Academic Field

Psychology

Faculty Mentor Name

Micheal L. Dent PHD

Presentation Type

Poster Presentation

Abstract

The Role of Speech Experience on Cue Trading in Parakeets

Speech perception is a crucial element in the process of human vocal communication, but there are many unanswered questions about the role speech experience plays in this process. This research investigates if experience with human speech sounds will influence speech perception in budgerigars. Budgerigars are vocal mimics and their experience with human speech sounds can be easily controlled in a laboratory setting. The data were collected from 30 budgerigars that were divided into four different exposure groups: passive group with regular exposure to human speech, no speech exposure group - isolated from all human speech sounds, and two speech trained groups, one group trained to produce words beginning with the target sounds that they are tested on – “d” and “t” and the other group trained to produce non-target sounds. Speech training was done using the Model-Rival method popularized by Irene Pepperberg. After approximately 6 months of exposure, the budgerigars were trained using an operant conditioning method to peck keys in response to synthetic speech sounds. The sounds varied in two important acoustic cues that have been found to influence speech perception in humans. After the initial training phase, they were moved to the testing phase where they were tested on a cue trading procedure involving ambiguous sounds that varied between “da” and “ta”. This was to see if there is a difference in the use of speech cues between the different exposure groups. Preliminary results show a difference in perception as a function of exposure group. The largest cue trading effects were found in the speech-isolated group, indicating that prior speech experience is not necessary for this phenomenon. These findings could have very important implications for understanding human speech perception.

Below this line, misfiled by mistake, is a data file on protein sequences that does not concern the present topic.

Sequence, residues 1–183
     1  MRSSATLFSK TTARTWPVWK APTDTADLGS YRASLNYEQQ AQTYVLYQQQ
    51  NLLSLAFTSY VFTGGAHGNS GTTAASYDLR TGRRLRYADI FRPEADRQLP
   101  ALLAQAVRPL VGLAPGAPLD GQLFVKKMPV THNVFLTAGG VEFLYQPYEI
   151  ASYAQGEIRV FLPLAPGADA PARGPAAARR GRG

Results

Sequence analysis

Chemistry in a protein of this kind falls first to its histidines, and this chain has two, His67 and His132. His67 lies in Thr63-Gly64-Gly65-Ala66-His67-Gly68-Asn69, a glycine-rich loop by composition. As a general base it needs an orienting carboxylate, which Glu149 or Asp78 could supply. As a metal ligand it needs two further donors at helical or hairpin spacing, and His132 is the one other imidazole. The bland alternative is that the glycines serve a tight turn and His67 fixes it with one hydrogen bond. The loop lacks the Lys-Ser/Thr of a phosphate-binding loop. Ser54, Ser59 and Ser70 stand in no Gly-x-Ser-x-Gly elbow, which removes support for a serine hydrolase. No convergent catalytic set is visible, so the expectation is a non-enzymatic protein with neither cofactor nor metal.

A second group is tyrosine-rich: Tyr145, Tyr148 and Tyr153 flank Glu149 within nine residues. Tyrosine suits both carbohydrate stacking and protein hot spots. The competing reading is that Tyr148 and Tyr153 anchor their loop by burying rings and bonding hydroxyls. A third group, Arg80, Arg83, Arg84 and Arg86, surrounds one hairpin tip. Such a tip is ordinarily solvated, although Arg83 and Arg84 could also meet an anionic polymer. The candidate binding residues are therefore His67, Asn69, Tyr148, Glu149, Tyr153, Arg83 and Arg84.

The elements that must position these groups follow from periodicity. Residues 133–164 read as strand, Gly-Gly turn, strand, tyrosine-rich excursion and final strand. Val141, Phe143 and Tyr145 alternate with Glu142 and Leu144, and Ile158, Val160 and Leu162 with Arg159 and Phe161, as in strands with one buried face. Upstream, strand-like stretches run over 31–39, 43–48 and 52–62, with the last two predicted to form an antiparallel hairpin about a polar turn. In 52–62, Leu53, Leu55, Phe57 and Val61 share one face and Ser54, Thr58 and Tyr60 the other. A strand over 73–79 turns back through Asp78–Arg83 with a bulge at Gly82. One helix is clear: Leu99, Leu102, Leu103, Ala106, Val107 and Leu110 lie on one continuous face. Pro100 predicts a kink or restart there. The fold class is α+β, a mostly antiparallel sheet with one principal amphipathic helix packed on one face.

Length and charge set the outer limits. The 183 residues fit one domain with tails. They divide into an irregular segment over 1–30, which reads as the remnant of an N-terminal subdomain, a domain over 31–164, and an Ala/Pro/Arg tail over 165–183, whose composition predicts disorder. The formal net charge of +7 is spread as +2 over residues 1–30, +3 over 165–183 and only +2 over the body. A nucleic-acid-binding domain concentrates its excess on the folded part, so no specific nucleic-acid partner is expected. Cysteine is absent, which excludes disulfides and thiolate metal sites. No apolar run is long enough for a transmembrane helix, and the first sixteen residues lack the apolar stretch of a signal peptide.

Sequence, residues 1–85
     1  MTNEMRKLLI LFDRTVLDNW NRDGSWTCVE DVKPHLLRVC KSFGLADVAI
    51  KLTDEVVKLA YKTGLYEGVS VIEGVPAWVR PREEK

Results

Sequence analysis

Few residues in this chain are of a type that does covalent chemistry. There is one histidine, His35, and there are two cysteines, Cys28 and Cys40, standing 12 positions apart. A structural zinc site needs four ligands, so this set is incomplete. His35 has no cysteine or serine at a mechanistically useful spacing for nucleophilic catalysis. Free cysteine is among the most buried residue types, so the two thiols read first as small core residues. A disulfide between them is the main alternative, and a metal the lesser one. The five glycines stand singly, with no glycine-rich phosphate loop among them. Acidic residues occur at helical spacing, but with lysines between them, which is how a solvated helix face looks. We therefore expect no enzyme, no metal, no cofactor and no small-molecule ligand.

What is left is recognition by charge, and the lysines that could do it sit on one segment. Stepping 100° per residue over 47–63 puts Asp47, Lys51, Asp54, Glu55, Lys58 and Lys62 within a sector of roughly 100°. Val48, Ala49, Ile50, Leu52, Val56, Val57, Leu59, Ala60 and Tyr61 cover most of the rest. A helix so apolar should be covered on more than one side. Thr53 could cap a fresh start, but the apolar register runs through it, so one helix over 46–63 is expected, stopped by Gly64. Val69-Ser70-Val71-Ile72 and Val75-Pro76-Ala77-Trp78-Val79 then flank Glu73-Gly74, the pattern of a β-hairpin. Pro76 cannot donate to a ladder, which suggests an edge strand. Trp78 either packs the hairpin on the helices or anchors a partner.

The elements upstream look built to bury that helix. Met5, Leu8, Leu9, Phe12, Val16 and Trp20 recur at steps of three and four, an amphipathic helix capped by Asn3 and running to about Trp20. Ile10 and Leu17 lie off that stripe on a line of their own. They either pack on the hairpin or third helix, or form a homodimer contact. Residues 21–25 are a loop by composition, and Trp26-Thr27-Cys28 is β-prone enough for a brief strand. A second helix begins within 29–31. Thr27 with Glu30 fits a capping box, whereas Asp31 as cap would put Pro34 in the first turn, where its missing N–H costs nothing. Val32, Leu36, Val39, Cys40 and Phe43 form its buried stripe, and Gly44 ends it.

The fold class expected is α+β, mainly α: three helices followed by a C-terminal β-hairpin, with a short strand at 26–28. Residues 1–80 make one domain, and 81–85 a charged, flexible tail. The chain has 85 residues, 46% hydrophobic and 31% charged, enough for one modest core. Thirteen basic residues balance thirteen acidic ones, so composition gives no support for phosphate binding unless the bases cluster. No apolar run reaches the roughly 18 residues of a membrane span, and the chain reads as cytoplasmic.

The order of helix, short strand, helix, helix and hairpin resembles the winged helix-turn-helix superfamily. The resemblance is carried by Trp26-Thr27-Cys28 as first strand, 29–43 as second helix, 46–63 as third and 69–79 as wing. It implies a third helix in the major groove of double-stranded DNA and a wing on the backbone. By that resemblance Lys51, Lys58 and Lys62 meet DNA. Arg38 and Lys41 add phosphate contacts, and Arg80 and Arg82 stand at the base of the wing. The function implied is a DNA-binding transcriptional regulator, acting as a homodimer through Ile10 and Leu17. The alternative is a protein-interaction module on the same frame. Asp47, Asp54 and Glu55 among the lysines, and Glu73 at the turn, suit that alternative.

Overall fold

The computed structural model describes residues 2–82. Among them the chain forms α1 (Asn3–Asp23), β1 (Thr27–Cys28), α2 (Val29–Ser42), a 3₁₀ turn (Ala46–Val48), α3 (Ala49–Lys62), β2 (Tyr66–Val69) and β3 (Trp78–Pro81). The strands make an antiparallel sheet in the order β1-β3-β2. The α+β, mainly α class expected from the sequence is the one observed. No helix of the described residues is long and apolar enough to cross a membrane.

Keywords

Human Speech, Perception, Budgerigars, Model Rival Method, Operant Conditioning, Cue Trading

Start Date

10-4-2015 11:15 AM

End Date

10-4-2015 12:00 PM

Location

SERC House of Fields

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Apr 10th, 11:15 AM Apr 10th, 12:00 PM

The Role of Speech Experience on Cue Trading in Parakeets

SERC House of Fields

The Role of Speech Experience on Cue Trading in Parakeets

Speech perception is a crucial element in the process of human vocal communication, but there are many unanswered questions about the role speech experience plays in this process. This research investigates if experience with human speech sounds will influence speech perception in budgerigars. Budgerigars are vocal mimics and their experience with human speech sounds can be easily controlled in a laboratory setting. The data were collected from 30 budgerigars that were divided into four different exposure groups: passive group with regular exposure to human speech, no speech exposure group - isolated from all human speech sounds, and two speech trained groups, one group trained to produce words beginning with the target sounds that they are tested on – “d” and “t” and the other group trained to produce non-target sounds. Speech training was done using the Model-Rival method popularized by Irene Pepperberg. After approximately 6 months of exposure, the budgerigars were trained using an operant conditioning method to peck keys in response to synthetic speech sounds. The sounds varied in two important acoustic cues that have been found to influence speech perception in humans. After the initial training phase, they were moved to the testing phase where they were tested on a cue trading procedure involving ambiguous sounds that varied between “da” and “ta”. This was to see if there is a difference in the use of speech cues between the different exposure groups. Preliminary results show a difference in perception as a function of exposure group. The largest cue trading effects were found in the speech-isolated group, indicating that prior speech experience is not necessary for this phenomenon. These findings could have very important implications for understanding human speech perception.